Tel Aviv needs bankers. Badly.The Israeli town has been called the Silicon Wadi, which basically translates from Arabic into the Silicon Valley, because it is viewed as the second most highly tech focused region on earth.
Someone needs to finance all that.
So if you’re looking to soak in some Mediterranean sun while working in a hot, entrepreneur driven technology sector, then definitely check out Tel Aviv.
Unlike many of it's neighbouring nations, Israel does not have an abundance of oil, so it's population must find other sources to generate wealth.
And, since Israel is surrounded by its enemies, the nation's military has developed highly advanced technological defence systems.
With teenagers being conscripted into the military, and many of the units using high tech equipment, many youth complete their military service with the equivalent of a computer science degree.
During the last six years, Israel's hedge fund industry has grown an impressive 162%, and last year alone, assets under management ballooned by 30%.
However, there is less than $2 billion in assets under management in Israeli hedge funds.
And, 25% of Israel's hedge fund managers attended Ivy League universities in the US.
Along with the city's many technology start-ups, big names like 3M, Intel, HP, Microsoft and IBM have offices in Tel Aviv.
According to a recent article in the Economist, IBM employs over 2,000, HP employs several thousand and Intel employs over 7,500 in Israel.
Anobit, a producer of flash drives, was recently purchased by Apple for $390 million.
More importantly, 75% of the money raised by Israel's technology companies comes from abroad, primarily the US.
There are other differences in the business is conducted in the west and Tel Aviv, though. For one, most people work on Sunday, because religiously, their weekend is Friday and Saturday.
Dress code is also slightly laid back in comparison to other major cities, primarily because of the city's warm temperatures and Mediterranean attitude.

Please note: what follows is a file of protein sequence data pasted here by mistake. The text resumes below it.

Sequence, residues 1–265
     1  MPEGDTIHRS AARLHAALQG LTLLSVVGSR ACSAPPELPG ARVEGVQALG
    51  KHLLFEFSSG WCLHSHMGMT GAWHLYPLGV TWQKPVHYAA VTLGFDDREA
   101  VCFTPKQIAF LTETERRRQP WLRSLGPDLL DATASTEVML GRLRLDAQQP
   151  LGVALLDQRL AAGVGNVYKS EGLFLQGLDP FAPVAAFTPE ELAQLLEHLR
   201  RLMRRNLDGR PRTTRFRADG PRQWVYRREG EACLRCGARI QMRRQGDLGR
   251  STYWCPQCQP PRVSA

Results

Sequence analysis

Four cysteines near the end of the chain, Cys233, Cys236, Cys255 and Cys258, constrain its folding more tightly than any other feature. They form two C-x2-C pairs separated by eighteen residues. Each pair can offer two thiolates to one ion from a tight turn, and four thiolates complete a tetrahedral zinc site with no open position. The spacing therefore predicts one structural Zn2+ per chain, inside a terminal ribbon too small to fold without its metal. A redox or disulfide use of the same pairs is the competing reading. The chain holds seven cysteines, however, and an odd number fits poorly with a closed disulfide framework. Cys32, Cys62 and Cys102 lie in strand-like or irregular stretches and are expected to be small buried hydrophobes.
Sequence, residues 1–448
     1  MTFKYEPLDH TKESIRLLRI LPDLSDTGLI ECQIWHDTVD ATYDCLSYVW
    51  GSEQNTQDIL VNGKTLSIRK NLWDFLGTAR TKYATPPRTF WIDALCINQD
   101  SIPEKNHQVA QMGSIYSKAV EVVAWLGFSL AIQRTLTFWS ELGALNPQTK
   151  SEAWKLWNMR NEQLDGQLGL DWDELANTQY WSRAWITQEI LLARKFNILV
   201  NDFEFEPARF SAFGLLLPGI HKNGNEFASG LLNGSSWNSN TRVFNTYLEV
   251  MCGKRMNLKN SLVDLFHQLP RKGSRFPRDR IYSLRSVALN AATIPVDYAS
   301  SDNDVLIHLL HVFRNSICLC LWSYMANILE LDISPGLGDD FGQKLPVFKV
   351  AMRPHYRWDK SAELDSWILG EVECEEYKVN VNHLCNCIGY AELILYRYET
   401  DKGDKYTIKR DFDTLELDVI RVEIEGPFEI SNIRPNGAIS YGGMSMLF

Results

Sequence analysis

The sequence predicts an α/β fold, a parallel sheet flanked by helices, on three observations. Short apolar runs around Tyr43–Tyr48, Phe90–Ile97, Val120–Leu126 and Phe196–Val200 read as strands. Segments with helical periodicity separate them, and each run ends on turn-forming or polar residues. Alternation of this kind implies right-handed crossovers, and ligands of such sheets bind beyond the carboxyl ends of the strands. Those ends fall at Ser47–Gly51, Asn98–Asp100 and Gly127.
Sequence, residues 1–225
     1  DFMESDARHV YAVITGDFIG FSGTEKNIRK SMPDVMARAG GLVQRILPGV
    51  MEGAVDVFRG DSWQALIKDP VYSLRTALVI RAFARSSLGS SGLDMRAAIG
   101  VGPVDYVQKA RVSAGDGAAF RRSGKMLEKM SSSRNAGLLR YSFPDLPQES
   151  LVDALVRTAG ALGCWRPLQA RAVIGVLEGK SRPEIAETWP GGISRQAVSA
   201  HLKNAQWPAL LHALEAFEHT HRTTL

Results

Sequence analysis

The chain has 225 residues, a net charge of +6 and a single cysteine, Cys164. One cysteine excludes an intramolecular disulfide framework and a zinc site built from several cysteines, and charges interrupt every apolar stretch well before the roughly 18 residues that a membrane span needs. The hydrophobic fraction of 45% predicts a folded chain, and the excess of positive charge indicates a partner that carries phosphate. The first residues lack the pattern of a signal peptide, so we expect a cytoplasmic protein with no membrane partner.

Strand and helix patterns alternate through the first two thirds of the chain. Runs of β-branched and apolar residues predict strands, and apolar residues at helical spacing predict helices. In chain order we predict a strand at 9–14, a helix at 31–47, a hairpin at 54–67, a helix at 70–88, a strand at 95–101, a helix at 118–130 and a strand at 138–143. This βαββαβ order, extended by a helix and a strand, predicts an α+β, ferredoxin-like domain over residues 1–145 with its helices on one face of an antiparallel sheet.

During the summer months, nearly every day it's sunny.
According to Mercer's 2012 cost of living rankings, Tel Aviv placed 31st on the list, and is the most expensive Middle Eastern city for expatriates.
Here are a few details on expenses from Expatriate Arrivals:
- A 2-bedroom apartment rental in the middle of the city can cost you around $1200.
- Electricity will cost you around $62.
- A 3-course dinner is around $32 per person.
- A cocktail is around $12.
Tel Aviv is also called 'the city that never stops', because party-goers love to stay up late drinking and dancing. The BBC calls it a 'Mecca for clubbing' -- check out their video overview of the scene.
The most popular bars and clubs in Tel Aviv can be found in the port area or in the Rothschild Boulevard area.
But, if you want to be on the water front, the Hilton is one of the best hotels. The Hilton features a saltwater pool and several restaurants, including a luxurious and scenic 17th floor VISTA Lounge. Rates per night typically run north of $400/night.
Most local food has Mediterranean and Middle Eastern influences.
Check out highlights from this year's Tel Aviv food festival here.
A few standouts on the scene:
- Yonathan Roshfeld, one of the world's 'rising star' chefs, according to Food and Wine Magazine calls Tel Aviv home. His 2nd restaurant, Tapas Ha'am is incredibly popular.
- Pronto, an Italian restaurant, is one of the most famous places to eat in Tel Aviv. It features fresh and authentic Italian and Mediterranean food.
- Another popular and highly reviewed Mediterranean restaurant is called Raphael, and is located on Tel Aviv's seafront.
- Another recommended eatery is Mal Yam, a Mediterranean seafood restaurant, located in the North of Tel Aviv.
The famous Dead Sea, is a salty lake located about 1,300 feet below sea level, and is a very popular tourist destination for those who visit Tel Aviv.
Not only are there spectacular views of the desert, but the Dead Sea is unique because it is the saltiest body of water on earth and is so salty that there are no forms of life in the lake.
It is so salty that most people float and the water has the ability to heal many aches and pains.
Just an hour east of Tel Aviv, is the city of Jerusalem. Even though it's just an hour away, Jerusalem seems like it's worlds away from modern Tel Aviv. Jerusalem, the capital of the country, is rocky, ancient, and full of religious history.